“Ask not what you can do for your country. Ask what’s for lunch.” Orson Welles


Sometimes you make a commitment to a friend and … duty calls. When twittering, a wee while back, I exchanged some food ideas with my friend Sandra. 

In a weak moment I shared about my plans for cooking a steak when my wife was away. Then, after a few more exchanges, I promised to post my approach.

So here you go: NOTE: if food isn’t your scene or you don’t eat meat … in your shoes I’d read something else. 

Furthermore, this is not a recommendation, advice or anything else a reader might want to sue a person for. Follow this at your own risk and, when it has all gone swimmingly, pat your own back for a job well done … please don’t cook a steak that way (well done that is) … Philistine!

Steak marinaded in Basil, garlic and lemon juice

All you need is a (beautifully matured by my butcher from local, grass and grain fed beef) 10 to 12 oz ribeye steak, left to come to room temperature, and:

For the marinade:

  • 8-10 fresh Basil leaves
  • 3 cloves of garlic
  • half a lemon
  • 100 ml of mild olive oil
  • flaky sea salt
  • pepper

To make the marinade:
  • use your favourite blender or whizzer;
  • pull the stalks off the Basil and loosely chop or tear up the leaves (ignore the screams … it’s just your imagination) — add to container;
  • peel and chop or use a press to mince up your garlic (perfection not required as you’re going to blend in due course) — chuck into the container;
  • slice a lemon in half and squeeze into the container (only the juice). You can automate, use a squeezer, or apply your mighty fist and let the juice trickle sensuously through your fingers to keep the pips back (if you use the finger method any slight cuts in your skin can induce an accidental howl of agony) — whatever you decide get the liquid into the container.
  • add the olive oil to the container (if you’re using a whizzer make sure to use a tall and narrow container; cover the blade slots with oil to create the blending effect.)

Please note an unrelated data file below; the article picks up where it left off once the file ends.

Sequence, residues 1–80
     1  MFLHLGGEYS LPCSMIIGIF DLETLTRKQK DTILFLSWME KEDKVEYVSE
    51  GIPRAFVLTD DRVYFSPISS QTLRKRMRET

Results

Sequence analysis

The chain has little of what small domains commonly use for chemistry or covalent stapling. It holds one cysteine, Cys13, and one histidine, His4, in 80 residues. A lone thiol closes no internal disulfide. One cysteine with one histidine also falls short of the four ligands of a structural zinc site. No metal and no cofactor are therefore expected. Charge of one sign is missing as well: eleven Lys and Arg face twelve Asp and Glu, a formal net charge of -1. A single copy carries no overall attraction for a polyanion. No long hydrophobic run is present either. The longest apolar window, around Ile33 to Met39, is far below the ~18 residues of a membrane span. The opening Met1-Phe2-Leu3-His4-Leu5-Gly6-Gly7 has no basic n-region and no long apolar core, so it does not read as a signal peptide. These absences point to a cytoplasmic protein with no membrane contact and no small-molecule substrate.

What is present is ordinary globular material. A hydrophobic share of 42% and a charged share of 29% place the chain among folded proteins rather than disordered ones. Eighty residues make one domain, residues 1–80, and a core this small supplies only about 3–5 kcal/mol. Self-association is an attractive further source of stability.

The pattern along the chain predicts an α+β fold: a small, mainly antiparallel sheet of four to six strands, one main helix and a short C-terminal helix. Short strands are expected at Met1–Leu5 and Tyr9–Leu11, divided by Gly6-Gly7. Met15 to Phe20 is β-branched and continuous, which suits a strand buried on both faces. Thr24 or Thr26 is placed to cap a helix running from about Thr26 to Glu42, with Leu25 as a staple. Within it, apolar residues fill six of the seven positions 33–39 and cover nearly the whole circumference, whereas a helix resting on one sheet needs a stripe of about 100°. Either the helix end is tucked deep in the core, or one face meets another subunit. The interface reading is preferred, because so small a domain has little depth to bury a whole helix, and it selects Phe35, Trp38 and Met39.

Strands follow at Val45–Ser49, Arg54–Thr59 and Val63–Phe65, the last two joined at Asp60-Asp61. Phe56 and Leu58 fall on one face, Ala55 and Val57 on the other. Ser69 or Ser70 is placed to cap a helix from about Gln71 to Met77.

Method:

1. RubbaDubba
  • blend or whizz the marinade
  • sniff it for a few moments … doesn’t it smell great?
  • lay the steak on a plate and pour a dollop of marinade on to it
  • massage one side of the steak with the marinade, yes massage (stop being macho, men) but with gentleness: squeeze, stroke, smooth, rub, knead; bottom line – feel the merging of the meat and the mixture

  • I’m not saying it’s sensuous but … once you’ve recovered equilibrium … massage the other side of the meat
  • leave for at least an hour
2. Cook the steak (remove children from the vicinity of the heat). Please note you’re expected to be able to get your vegetables and fries lined up without any explanation.

Note: The timings are for a rare steak of average thickness 1″ to 1.25″. You’ll have to work out your own timings (good fun if you like steak).
  • use a skillet if you have one (cast iron = fantastic, heavy base = excellent … the thinner the base the more you need to keep an eye on things)
  • IMPORTANT: don’t oil the pan (the oil in the marinade is quite enough)
  • make the pan very hot (red hot is a bit much, good ’n hot is fine)
  • lay the steak in the pan (press it down if you must but don’t move it about), sprinkle sea salt and some pepper on to taste (easy does it you can add more later), and let it cook for 1 min 45 secs one side …
  • turn the steak over and cook for another 1 min 30 secs, sprinkle salt and pepper again …
  • take out of pan and rest on a warm (I-can-touch-the-ceramic-without-screaming) plate
  • get your veg and fries on the plate (I put a sliced onion in the pan and cook it while I fill the plate with vegetables) … if you don’t like healthy plant stuff give your steak 5 minutes without touching.
  • remove to a comfortable table and enjoy.

3. Get stuck in

There you go. We call it steak and chips. You’ll find the flavour is juicy and tangy. It goes really well with a robust fruity red and some grainy mustard. Vegetables like carrots, sugar snaps and onions add a pleasant flavour ‘shading’ … I enjoy them cooked crisp.

The wine and mustard are not advertisements, simply stuff I like. Yum! Yum! 

© Mac Logan

Mac Logan lives near Edinburgh, Scotland, and is the author of The Angels’ Share thriller series. You can see Mac talking about his writing.

The Angels’ Share and DarkArt, are available as are two back-stories Fumble and The First Battle. All are published by Fantastic Books Publishing.

Mac will soon be releasing series non-fiction books on the human aspects of work.

You can contact Mac here. Follow Mac on Twitter: @MacLogan_writes